I mean, how does this sister-brother combo of Sally and Jackson even fit in? Where did they come from? My understanding, especially from what’s discussed in Wrong Turn 2: Dead End, is that the effects of inbreeding only got worse and worse with each round of procreation in the family. It doesn’t make any sense to me that Jackson and Sally look normal. How are they not raving lunatics just like One Eye, Saw Tooth, and Three Finger? My problem in the last movie was the character of Maynard, and how he was seemingly able to coral the three brothers with a combination of a dominant attitude and physical violence, yet the brothers are supposed to inbred, unruly, wild, and immune to pain!? It just makes no sense, whether someone is supposedly part of the ‘family’ or not, that the three brothers allow themselves to be harnessed and controlled into doing what some third party wants.
Still, it makes no sense how Sally and Jackson are the only two normal, and actually attractive, people between the clans of hillbillies. Then there’s Danny, of course, who they’re trying to lure into the family tradition of brother-sister-cousin fucking, and Danny looks as normal as anybody. These inbred brothers have been around since 1974 – that’s what we know from Bloody Beginnings and its opening scene – so where did these branches of the family come from and how did none of them turn out to look like the brothers? We clearly see there are others involved in these so-called clans, later in the movie, and they’re all haggard, too! So it’s just ridiculous to have these two good looking actors there in the middle of it meant to be part of an inbred cannibal family. Too much suspension of disbelief in this case.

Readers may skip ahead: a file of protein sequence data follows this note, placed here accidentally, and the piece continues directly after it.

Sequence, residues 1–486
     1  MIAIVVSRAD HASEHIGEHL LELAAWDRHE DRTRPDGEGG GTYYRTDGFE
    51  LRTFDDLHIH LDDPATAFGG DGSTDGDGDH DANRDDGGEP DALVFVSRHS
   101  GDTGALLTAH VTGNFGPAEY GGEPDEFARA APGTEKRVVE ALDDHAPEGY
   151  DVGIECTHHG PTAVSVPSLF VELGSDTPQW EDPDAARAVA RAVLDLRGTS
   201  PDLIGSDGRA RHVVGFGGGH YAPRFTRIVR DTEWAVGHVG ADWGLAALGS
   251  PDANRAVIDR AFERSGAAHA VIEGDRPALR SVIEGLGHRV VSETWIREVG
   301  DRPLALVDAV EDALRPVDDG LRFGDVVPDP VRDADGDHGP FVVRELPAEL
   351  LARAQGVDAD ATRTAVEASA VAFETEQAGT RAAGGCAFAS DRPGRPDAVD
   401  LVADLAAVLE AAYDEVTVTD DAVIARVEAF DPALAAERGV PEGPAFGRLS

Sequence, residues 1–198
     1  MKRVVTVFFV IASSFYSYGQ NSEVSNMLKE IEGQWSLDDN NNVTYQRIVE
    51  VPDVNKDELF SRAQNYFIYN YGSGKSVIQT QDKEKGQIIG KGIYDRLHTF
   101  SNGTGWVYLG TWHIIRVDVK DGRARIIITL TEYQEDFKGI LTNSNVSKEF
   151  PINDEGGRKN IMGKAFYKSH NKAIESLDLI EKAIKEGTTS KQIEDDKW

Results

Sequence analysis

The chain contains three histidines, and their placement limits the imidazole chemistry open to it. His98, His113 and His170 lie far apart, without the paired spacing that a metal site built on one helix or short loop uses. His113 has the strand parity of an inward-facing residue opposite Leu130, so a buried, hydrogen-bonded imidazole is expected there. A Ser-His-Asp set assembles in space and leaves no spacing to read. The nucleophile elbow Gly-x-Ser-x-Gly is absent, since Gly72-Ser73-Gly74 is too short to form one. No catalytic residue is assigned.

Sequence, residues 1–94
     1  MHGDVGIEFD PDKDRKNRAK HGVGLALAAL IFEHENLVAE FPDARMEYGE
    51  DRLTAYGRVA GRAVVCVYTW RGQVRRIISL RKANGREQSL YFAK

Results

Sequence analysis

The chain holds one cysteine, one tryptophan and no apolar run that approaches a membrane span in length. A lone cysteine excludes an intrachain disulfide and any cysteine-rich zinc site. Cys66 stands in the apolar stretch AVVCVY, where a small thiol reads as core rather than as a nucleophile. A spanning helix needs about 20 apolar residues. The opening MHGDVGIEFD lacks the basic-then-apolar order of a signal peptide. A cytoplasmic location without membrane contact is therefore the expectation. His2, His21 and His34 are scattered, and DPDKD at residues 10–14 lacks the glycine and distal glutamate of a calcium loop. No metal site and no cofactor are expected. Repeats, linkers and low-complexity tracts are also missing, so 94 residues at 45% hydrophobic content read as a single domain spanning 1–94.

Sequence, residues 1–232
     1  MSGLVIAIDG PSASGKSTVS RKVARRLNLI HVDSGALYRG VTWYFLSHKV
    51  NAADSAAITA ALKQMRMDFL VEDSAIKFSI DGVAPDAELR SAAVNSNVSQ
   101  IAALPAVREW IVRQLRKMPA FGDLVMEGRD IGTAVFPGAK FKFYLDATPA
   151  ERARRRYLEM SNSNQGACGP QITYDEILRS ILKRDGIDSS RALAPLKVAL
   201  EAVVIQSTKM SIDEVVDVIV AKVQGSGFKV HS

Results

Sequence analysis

In a Q&A over at Fangoria, screenwriter Frank Woodward actually said he likes where there can be a big world in a story where so many other smaller stories can be told. Unfortunately, Mr. Woodward went too wide with this one and forgot to try and link things together. If perhaps there were some other chains binding Last Resort with the other 5 films, even the last terrible one, then maybe it would have worked a little better. Instead there is a tenuous connection to the series as a whole, and after that takes hold I find it hard to enjoy much else in the movie.
I can give this a 1 out of 5 stars. Honestly, I know some people think I’m nuts for enjoying Wrong Turn 4: Bloody Beginnings the way I do, even though that’s only a 2.5/5 stars for me, not much better than this one. However, at least – for all its bad acting – the 4th film went for the prequel angle, we got to see the brothers before the initial events of the first Wrong Turn film, and it really started to setup a mythos of its own as a franchise, in my opinion. I actually couldn’t stand the 3rd movie, Left for Dead, but I liked that even more than I could enjoy Last Resort. Most of the other movies in this series suffer from poor written – varying degrees, but all suffer from the same symptoms. The problem I have with Last Resort is that it totally fumbles the logic of its own series, as was the case in the last entry, and I can’t get past that. I’m able to get past it enough to rate it better than Wrong Turn 5: Bloodlines, because at least this one had a few good gory moments; that last one was just off-the-wall nonsensical in too many ways.